Tooling is very limited in NSpec and it currently does not integrate with Visual Studio or VS Code (although my team are making progress in this area). I personally don't mind working in a terminal but even then, there are times when the ability to debug and step into a test is paramount. To debug specific tests we can leverage NSpec's tagging feature and apply a special "debug" tag by convention:

public abstract class nspec : global::NSpec.nspec
{
    private const string DebugTag = "debug";

    public nspec()
    {
        _it = new ActionRegister((name, tags, action) => it[name, DebugTag] = action);
    }

    public ActionRegister _it;
}

Now whenever we declare an assertion using _it it will be tagged as debug. We can then update launch.json in Visual Studio Code to support debugging the tests:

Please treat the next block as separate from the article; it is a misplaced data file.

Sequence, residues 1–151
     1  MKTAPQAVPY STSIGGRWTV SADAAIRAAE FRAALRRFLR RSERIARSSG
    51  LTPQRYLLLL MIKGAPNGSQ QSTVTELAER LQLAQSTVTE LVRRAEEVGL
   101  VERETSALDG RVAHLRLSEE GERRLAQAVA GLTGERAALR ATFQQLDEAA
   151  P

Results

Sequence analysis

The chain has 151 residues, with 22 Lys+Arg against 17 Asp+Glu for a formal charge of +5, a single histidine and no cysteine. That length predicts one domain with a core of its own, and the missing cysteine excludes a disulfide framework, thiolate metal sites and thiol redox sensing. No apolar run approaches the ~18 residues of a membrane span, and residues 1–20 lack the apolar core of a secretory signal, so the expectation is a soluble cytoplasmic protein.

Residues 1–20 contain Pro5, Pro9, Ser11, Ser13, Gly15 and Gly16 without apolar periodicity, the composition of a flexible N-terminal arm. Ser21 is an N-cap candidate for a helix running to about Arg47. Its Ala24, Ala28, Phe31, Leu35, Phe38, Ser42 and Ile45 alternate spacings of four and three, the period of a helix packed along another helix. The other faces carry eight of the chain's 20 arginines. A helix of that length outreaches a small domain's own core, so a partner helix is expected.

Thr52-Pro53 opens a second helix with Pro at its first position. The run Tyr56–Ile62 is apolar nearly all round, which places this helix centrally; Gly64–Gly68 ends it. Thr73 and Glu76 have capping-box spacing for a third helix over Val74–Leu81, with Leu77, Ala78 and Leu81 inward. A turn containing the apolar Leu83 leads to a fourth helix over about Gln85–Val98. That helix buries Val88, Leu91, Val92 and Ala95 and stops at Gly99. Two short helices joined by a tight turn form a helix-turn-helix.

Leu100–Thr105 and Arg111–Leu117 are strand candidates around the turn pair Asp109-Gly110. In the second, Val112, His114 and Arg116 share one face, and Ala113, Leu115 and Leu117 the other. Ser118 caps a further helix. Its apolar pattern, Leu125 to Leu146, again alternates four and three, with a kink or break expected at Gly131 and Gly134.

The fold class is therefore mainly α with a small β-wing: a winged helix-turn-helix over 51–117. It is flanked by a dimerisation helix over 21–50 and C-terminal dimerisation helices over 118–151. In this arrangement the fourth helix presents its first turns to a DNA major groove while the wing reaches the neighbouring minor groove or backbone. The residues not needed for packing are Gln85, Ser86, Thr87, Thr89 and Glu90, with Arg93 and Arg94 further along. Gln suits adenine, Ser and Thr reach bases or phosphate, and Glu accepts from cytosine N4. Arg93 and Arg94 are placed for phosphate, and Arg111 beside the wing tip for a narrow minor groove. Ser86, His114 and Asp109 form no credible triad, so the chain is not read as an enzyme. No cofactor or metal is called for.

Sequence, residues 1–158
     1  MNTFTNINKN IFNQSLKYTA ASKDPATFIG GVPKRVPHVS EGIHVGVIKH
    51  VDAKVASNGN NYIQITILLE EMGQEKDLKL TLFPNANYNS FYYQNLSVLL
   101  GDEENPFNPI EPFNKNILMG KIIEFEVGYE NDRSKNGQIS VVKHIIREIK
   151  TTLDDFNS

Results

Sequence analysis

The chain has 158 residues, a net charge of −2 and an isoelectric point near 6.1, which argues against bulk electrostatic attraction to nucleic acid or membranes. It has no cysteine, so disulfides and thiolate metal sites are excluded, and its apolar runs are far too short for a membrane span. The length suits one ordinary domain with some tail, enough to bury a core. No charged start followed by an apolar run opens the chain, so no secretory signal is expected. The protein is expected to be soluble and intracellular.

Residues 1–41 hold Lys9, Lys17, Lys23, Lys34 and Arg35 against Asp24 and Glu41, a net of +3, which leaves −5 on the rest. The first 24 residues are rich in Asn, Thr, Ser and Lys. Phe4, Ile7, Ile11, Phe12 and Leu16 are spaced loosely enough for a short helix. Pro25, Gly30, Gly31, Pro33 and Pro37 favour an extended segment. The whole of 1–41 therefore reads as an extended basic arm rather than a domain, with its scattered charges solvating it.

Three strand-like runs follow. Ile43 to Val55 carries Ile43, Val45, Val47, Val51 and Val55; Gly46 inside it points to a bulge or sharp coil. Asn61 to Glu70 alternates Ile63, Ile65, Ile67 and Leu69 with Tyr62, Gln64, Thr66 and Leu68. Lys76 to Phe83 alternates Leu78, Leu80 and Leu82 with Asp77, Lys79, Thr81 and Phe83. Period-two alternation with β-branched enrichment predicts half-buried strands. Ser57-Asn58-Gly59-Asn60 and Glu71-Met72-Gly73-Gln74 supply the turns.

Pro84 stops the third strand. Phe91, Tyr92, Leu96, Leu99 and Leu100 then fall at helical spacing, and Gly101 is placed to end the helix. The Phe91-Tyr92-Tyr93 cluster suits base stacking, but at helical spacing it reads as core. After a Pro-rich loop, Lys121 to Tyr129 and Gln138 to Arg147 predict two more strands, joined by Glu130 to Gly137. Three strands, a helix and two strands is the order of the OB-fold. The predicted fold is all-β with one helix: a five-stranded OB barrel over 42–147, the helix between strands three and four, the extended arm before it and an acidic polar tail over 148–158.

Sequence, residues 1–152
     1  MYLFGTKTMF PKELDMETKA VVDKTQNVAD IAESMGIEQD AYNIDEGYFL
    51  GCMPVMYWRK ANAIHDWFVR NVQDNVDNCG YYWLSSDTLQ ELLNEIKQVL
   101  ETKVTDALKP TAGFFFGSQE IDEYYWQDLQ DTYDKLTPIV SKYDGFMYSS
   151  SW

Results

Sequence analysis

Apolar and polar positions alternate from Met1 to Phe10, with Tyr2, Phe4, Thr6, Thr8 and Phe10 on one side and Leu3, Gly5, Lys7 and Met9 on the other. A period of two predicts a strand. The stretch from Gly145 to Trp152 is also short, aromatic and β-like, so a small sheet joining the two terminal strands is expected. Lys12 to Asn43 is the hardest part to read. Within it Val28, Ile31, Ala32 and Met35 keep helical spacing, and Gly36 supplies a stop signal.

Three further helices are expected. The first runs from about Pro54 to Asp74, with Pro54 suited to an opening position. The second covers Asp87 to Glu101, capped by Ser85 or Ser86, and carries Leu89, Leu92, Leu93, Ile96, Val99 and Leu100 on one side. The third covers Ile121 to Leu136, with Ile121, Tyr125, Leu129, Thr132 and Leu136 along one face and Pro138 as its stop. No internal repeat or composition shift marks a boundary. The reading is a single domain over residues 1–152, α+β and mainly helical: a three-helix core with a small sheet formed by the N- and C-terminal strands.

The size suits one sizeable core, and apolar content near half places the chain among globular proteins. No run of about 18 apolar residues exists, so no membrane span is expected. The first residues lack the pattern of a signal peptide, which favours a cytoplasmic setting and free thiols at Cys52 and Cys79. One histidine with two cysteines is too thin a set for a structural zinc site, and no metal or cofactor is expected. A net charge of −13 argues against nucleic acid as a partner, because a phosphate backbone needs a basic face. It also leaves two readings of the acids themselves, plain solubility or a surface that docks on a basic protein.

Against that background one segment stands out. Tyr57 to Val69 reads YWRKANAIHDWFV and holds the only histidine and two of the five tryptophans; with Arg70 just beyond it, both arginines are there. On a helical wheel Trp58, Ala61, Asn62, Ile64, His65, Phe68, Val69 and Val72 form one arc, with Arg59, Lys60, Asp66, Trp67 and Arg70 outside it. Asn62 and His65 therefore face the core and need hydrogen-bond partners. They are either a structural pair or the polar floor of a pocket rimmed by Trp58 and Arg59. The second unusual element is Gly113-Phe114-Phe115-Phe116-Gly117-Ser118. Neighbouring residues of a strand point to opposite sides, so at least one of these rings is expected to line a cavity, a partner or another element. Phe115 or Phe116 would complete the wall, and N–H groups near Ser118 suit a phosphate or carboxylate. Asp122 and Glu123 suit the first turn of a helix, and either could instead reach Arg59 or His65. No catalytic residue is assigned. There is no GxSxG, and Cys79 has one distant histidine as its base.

{
    "version": "0.2.0",
    "configurations": [
        {
            "name": ".NET Core Launch (console)",
            "type": "coreclr",
            "request": "launch",
            "preLaunchTask": "build",
            "program": "${workspaceFolder}/bin/Debug/netcoreapp2.2/NSpecFtw.dll",
            "args": [
                "-t",
                "debug"
            ],
            "cwd": "${workspaceFolder}",
            "console": "internalConsole",
            "stopAtEntry": false,
            "internalConsoleOptions": "openOnSessionStart"
        },
        {
            "name": ".NET Core Attach",
            "type": "coreclr",
            "request": "attach",
            "processId": "${command:pickProcess}"
        }
    ]
}

Now to debug a test, prefix your it assertions with an underscore, then Debug:

_it["returns the value in uppercase"] = () => result.ShouldBe("HELLO");

Ben Foster

About Me

I'm a software engineer and aspiring entrepreneur with 15 years experience in tech and have worked with companies of all sizes in areas such as healthcare, agriculture, recruitment, e-commerce and finance. I founded my first startup Fabrik in 2011.

I now head up the engineering team at Checkout.com. If you're interested in working in an exciting and innovative fin-tech company, drop me a message.